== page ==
Brooklyn Goes Green to Manage Stormwater and Reduce CSOs

A feature of the Green Infrastructure Neighborhood Demonstration Area from nyc.gov

A feature of the Green Infrastructure Neighborhood Demonstration Area from nyc.gov

The NYC Department of Environmental Protection (DEP) recently announced the completion of a Green Infrastructure Neighborhood Demonstration Area in Brooklyn, designed to prevent nearly four million gallons of stormwater from reaching the combined sewer system each year. The Demonstration Area is the first of three that will be completed as a part of NYC’s Modified Consent Order which formalized the use of green infrastructure as an important part of the plan to reduce CSOs. Two other similar demonstration areas will be completed within the year.

The project is a partnership between the New York State Department for Environmental Protection, NYC Parks and Recreation Department, and East Brooklyn Business Improvement District.  As a part of the $880,000 project, 29 bioswales, 29 new trees, two stormwater Greenstreets (similar to bioswales but with added features), and elongated tree pits were installed.

The benefits of the project go beyond stormwater management. The area in Brooklyn where the project was implemented had been identified by the Parks & Recreation Department as a Trees for Public Health Neighborhood, which means this area had a lower than normal tree count as well as higher rates of asthma for young people.  The 29 new trees were chosen to address these issues while also soaking up stormwater. All aspects of the project will contribute to better water and air quality as well as enhanced aesthetics of the neighborhood.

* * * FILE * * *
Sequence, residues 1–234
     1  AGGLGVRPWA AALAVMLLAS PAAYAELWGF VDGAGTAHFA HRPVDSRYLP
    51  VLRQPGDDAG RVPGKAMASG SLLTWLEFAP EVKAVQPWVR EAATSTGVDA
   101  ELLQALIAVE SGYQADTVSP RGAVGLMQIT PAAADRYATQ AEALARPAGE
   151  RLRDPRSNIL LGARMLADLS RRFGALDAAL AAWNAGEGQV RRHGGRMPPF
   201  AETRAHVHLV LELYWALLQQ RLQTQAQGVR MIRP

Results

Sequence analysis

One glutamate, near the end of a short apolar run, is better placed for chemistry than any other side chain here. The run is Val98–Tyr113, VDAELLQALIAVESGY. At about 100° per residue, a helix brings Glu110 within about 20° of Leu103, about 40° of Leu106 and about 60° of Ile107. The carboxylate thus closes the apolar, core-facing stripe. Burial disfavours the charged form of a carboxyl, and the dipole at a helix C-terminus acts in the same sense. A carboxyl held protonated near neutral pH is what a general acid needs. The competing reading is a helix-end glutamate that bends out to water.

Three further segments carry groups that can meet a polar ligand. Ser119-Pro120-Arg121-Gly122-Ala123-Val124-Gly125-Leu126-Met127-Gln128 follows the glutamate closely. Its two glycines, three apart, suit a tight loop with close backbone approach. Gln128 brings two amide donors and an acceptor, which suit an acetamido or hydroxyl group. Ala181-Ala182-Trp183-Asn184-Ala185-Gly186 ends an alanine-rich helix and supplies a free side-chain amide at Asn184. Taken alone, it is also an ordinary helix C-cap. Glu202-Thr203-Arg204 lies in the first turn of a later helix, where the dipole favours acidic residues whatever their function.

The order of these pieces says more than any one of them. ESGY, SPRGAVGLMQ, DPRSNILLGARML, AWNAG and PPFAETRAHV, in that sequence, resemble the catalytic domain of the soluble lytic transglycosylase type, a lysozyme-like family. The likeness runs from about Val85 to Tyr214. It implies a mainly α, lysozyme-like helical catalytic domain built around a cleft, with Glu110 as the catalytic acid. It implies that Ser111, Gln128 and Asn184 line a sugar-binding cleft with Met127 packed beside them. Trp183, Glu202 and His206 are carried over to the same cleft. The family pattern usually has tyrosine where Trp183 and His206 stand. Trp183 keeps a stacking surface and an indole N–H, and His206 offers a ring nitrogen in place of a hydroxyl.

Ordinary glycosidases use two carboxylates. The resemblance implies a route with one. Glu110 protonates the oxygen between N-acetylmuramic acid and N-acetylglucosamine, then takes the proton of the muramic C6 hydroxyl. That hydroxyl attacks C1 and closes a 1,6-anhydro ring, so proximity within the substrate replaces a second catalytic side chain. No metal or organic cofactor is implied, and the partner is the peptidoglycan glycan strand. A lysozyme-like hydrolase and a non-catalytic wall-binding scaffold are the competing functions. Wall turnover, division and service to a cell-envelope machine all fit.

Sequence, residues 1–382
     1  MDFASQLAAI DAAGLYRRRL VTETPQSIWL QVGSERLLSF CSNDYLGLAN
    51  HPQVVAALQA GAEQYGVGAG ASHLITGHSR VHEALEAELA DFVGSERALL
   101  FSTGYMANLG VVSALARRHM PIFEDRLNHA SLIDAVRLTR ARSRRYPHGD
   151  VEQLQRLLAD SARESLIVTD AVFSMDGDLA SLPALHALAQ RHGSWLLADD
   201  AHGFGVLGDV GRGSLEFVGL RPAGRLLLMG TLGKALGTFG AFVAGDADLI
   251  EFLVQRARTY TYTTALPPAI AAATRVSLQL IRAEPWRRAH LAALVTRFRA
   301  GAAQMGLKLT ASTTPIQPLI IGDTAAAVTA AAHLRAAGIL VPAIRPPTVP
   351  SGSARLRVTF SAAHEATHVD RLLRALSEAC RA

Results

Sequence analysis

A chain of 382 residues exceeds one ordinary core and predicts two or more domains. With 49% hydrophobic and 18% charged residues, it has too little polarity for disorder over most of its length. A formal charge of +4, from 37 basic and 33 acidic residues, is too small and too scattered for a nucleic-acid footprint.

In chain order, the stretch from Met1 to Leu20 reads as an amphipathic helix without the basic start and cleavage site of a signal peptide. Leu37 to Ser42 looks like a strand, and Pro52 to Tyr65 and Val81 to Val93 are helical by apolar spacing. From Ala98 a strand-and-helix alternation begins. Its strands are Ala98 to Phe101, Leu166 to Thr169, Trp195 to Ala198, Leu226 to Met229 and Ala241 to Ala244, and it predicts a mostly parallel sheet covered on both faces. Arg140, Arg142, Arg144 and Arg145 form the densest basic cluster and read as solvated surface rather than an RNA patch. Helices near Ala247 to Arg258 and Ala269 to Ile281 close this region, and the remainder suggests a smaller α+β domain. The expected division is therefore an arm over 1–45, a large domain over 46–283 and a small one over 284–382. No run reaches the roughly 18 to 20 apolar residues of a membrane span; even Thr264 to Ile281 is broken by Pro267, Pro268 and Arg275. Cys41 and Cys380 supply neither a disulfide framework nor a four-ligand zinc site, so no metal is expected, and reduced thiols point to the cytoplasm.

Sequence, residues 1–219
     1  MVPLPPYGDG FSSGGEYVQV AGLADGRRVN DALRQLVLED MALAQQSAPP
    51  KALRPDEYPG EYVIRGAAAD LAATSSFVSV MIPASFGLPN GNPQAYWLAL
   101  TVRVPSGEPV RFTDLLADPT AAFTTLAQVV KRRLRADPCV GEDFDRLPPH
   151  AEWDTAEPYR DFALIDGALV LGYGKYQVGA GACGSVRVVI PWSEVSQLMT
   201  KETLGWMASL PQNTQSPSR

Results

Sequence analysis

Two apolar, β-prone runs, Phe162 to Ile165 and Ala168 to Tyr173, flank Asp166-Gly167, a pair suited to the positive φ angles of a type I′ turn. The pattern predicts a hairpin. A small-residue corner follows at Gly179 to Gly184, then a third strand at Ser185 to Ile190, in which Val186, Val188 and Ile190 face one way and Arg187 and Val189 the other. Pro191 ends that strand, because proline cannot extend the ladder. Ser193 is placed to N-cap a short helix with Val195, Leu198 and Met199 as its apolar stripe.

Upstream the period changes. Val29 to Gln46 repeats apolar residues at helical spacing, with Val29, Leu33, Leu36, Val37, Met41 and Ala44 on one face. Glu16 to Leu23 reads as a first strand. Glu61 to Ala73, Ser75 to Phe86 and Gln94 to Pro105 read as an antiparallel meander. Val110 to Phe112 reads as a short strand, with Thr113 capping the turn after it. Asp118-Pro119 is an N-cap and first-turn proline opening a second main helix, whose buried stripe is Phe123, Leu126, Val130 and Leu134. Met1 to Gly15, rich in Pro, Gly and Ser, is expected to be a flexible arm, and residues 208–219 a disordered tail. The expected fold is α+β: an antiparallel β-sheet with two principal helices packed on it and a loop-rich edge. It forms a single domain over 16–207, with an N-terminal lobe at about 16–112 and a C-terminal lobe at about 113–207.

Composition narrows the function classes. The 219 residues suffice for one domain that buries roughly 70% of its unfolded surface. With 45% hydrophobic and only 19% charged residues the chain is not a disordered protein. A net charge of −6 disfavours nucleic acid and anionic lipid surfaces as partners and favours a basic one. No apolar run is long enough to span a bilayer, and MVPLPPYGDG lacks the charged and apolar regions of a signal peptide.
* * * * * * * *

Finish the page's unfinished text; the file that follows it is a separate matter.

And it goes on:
“Converting the city’s impervious neighborhoods to a more natural and absorbent landscape integrates water quality and ecological benefits for a more sustainable community,“ said NYS Department of Environmental Conservation Commissioner Joe Martens.

Pre- and post-installation data will be collected from the Demonstration Areas in order to analyze data on CSO volume reduction from green infrastructure projects. Other associated benefits from green infrastructure installation will also be examined on a multi-block scale. All of these data will then be extrapolated for modeling green infrastructure cost-benefit data on a watershed and citywide basis.

To learn more about NYC’s Green Infrastructure Neighborhood Demonstration Areas, read the press release here:

http://www.nyc.gov/html/dep/html/press_releases/13-026pr.shtml